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Cash strapped N.C. looks to milk money out of citizens in its battered local economy

When it comes to internet purchases, you're supposed to individually list them on your yearly tax return and then pay back sales taxes to the state.  Of course, few people do this.  Now the government of North Carolina and other states are battling Amazon.com and other e-tailers to get these records.

Amazon.com this week filed suit against the North Carolina state government -- specifically, the Department of Revenue (DOR) -- claiming that the state's demand for records of virtually every North Carolina resident who has purchased anything from Amazon since 2003 was not only unreasonable, but a violation of privacy.

Amazon writes in a filing for the case, "In re: Amazon.com LLC vs Kenneth R. Lay", Case No. 10-00664, U.S. District Court, Western District of Washington, "[T]he DOR has no business seeking to uncover the identity of Amazon's customers who purchased expressive content, which makes up the majority of the nearly 50 million products sold to North Carolina residents during the audit period."

If the case is lost, Amazon may have to turn over the records of millions of its customers in North Carolina.  Those individuals who purchased from Amazon (but did not report their purchase on their tax returns) might be audited and face civil penalties. At the very least, they would likely be expected to repay back taxes on the items they failed to report to the government.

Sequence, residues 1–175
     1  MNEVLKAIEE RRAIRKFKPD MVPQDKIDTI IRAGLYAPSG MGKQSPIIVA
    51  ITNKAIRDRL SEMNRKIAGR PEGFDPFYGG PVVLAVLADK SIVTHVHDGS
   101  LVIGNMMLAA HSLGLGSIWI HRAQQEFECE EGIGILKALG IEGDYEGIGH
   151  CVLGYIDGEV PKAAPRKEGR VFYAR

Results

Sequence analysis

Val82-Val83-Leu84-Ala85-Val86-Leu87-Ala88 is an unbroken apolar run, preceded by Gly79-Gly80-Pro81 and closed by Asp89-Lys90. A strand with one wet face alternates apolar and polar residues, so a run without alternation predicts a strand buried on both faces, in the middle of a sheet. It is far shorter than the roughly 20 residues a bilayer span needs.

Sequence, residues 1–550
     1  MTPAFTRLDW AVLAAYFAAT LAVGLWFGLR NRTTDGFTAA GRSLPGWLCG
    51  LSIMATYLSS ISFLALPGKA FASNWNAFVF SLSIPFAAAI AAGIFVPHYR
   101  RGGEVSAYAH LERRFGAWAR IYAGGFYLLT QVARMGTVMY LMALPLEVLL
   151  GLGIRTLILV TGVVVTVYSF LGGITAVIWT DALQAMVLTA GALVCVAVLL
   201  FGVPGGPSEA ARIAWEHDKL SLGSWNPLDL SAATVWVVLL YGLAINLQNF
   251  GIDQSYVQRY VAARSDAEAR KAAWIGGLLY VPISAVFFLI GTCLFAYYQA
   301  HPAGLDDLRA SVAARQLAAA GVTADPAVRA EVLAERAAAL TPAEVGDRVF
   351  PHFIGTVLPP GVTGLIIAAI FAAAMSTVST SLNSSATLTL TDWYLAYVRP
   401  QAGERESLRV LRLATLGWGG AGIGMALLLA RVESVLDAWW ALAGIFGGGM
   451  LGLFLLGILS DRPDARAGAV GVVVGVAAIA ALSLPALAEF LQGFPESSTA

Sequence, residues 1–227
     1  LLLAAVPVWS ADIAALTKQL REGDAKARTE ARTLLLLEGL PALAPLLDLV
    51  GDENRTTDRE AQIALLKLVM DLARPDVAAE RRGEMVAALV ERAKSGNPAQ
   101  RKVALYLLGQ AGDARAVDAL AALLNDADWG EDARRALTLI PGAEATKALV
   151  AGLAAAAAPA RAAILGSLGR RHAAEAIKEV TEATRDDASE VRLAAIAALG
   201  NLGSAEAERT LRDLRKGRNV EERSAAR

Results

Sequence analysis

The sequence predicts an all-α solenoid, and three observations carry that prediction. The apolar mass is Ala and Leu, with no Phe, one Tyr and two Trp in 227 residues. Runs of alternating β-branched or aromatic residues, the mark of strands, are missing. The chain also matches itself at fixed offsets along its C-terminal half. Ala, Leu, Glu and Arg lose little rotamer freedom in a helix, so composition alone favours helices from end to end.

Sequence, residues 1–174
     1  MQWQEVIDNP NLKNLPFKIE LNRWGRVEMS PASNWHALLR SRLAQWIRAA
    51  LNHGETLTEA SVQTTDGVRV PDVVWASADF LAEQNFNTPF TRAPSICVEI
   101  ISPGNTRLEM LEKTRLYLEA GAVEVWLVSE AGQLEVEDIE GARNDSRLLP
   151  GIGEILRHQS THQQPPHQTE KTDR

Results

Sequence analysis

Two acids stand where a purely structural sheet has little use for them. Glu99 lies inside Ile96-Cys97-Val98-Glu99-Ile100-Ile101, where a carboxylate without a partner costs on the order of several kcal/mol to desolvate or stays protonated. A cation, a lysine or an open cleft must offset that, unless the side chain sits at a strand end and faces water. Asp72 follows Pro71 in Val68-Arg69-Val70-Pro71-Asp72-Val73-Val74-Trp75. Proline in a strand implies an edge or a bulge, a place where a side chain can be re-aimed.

In North Carolina, failing to pay state sales taxes is handled as a civil infraction.  Under the codes 105 236(5)c. and 105 236(5)a., citizens can face additional fines for dodging state taxes.  The penalty would likely be to pay 25 percent more tax, except on small items, which would require taxpayers to pay only an additional 10 percent fine.

The fight is the latest in the growing trend of states hungering for internet tax revenue.  Many states have passed or are debating laws that would tax digital downloads such as those offered by Amazon, Steam, Apple's iTunes store, or others.  While many in the public have complained about excessive taxation on the federal level, it is actually the states that have been pushing the most for bigger taxes of late.  The federal government has made some mild efforts to fight taxation of the internet.